Determining Fault in Auto Accidents
As the temperatures rise and vacations loom, more people get in their cars and hit the Dallas highways, often bound for other states. This increased traffic leads to increased automobile accidents and injuries. Most people assume that laws regarding fault for automobile accidents are uniform across the country, but this is not the case. Depending on the state where the accident occurs, there are multiple ways of determining fault. Determination of fault is a critical aspect of automobile accidents, since who is at fault, and how much, has a direct effect on how damages are determined and who can claim what, and an experienced personal injury and accident lawyer is crucial
A handful of states (Alabama, District of Columbia, Maryland, North Carolina and Virginia) still adhere to what is known as "pure contributory negligence." What this means is that if you are at fault (negligent) in any way during an auto accident, even if the other party was much more at fault, you wouldn't be able to recover damages from that person, since your negligence contributed to the accident.
Most states have one of three more tempered versions of contributory negligence. Alaska, Arizona, California, Florida, Kentucky, Louisiana, Mississippi, Missouri, New Mexico, New York, Rhode Island, South Dakota and Washington follow what is called, "pure comparative negligence" or "pure comparative fault." This means that the degree to which you were negligent or at fault for the accident is subtracted from the amount of damages you can claim. If you were 90% at fault for an accident, and claim $10,000 in damages due to injury, the most you could receive would be $1,000, or 10% of $10,000.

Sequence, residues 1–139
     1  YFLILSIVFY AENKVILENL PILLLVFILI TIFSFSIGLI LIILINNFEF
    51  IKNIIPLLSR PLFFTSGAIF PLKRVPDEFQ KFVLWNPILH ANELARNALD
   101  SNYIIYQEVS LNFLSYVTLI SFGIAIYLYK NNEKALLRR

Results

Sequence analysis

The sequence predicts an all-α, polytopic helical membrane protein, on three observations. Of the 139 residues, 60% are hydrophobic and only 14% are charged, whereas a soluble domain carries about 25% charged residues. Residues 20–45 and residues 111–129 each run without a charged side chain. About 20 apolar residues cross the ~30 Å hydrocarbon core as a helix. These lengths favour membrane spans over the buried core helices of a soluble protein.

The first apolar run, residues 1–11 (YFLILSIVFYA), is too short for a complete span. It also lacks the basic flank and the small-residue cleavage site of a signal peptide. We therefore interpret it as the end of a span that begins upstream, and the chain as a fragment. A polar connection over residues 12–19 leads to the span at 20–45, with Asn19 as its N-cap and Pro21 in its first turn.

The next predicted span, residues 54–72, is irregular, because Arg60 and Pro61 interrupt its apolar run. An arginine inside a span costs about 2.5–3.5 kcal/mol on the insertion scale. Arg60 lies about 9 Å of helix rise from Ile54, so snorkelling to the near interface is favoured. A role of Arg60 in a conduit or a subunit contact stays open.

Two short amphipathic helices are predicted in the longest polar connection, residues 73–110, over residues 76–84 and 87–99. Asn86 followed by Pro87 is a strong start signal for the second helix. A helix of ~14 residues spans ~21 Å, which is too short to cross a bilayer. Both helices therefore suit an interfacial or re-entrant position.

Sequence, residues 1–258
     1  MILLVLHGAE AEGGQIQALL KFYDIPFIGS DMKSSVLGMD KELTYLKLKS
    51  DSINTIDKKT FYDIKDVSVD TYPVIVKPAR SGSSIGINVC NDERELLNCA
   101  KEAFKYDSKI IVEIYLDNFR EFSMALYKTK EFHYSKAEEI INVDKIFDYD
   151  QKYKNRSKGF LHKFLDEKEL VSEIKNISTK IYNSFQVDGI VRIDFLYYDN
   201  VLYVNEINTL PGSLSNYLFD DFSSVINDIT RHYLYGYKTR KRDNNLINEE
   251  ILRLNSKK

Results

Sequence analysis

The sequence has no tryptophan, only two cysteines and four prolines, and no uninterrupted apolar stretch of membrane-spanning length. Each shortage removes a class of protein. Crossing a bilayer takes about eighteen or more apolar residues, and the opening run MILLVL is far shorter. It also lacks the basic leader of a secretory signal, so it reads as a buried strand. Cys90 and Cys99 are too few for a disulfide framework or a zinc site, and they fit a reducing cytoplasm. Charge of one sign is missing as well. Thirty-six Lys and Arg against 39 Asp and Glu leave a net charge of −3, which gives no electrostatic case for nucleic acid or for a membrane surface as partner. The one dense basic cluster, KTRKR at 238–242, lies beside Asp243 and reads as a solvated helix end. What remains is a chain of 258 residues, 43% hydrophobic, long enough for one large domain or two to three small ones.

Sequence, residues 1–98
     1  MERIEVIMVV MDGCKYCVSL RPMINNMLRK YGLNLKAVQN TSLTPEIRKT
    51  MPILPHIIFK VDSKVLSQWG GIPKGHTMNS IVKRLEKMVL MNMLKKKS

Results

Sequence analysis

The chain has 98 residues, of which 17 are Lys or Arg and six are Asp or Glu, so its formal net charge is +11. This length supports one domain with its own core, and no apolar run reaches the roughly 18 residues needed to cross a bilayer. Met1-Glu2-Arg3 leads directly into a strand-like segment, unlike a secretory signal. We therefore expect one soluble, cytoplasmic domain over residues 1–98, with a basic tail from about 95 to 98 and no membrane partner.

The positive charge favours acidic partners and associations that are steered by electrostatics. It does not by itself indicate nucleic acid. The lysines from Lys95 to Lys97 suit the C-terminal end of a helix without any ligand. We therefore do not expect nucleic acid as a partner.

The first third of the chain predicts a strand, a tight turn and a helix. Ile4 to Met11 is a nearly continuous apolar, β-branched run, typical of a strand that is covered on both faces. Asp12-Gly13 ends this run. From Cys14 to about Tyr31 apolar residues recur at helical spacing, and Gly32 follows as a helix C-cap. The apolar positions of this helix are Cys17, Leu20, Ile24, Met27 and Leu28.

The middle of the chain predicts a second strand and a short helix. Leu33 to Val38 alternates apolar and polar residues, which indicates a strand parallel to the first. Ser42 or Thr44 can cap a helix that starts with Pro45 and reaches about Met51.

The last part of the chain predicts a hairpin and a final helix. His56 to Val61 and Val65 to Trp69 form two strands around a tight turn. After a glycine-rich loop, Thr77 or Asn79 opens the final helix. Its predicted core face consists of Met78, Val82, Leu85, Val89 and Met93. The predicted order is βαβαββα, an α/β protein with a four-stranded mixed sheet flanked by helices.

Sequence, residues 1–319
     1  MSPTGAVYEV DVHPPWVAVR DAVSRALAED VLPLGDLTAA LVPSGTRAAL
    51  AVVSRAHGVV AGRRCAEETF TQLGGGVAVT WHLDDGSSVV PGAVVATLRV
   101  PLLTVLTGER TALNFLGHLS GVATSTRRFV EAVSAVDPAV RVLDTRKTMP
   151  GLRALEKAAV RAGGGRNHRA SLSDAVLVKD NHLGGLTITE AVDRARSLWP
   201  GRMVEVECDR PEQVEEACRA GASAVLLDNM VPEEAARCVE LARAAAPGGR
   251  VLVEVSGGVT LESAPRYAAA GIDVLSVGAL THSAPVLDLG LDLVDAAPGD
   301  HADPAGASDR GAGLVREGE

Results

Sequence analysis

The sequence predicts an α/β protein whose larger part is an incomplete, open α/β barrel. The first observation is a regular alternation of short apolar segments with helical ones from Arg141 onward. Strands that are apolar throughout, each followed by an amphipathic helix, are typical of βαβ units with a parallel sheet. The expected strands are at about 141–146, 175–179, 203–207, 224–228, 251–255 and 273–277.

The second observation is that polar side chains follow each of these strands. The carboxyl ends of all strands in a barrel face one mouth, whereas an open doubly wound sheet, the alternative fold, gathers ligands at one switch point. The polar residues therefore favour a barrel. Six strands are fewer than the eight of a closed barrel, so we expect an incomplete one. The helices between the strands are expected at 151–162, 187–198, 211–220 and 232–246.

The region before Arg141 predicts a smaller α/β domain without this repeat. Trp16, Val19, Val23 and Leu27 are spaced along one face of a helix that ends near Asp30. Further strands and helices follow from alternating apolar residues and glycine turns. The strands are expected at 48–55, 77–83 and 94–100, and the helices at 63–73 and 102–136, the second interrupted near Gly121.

Connecticut, Delaware, Hawaii, Illinois, Indiana, Iowa, Massachusetts, Michigan, Minnesota, Montana, Nevada, New Hampshire, New Jersey, Ohio, Oregon, Pennsylvania, South Carolina, Texas, Vermont, Wisconsin and Wyoming use a different method of determining fault and awarding damages through what is called, "proportional comparative negligence" or "proportional comparative fault" under the 51% bar rule. This standard dictates that if you were involved in an auto accident and were 51% or more negligent or at fault, then you are unable to claim any damages, regardless of the extent of your claims.
Finally, Arkansas, Colorado, Georgia, Idaho, Kansas, Maine, Nebraska, North Dakota, Oklahoma, Tennessee, Utah and West Virginia follow a similar but slightly different form of "proportional comparative negligence," this time with a 50% bar rule. This rule states that if you are involved in an accident and are less than 50% negligent, you are entitled to compensation. Once again, the amount you can claim will be reduced by the percentage of your negligence. This rule also allows for two parties to be equally negligent in an accident, resulting in neither party able to claim damages.
Since Texas is a 51% bar rule state, the insurance adjuster's determination of fault is crucial in deciding whether or not accident victims will be able to claim damages. Most drivers don't have the skills, experience, or time to properly negotiate with an insurance company in order to best represent their interests when determining negligence or fault in an accident. On top of that, the insurance company employs a number of strategies or tricks to avoid paying out large sums of money. Finding an experienced, quality personal injury and accident attorney in Texas is key to insuring you receive the compensation you deserve.
If you or a loved one has been injured in a car accident in Texas or while on vacation, contact Polewski & Associates to schedule an accident lawsuit consultation.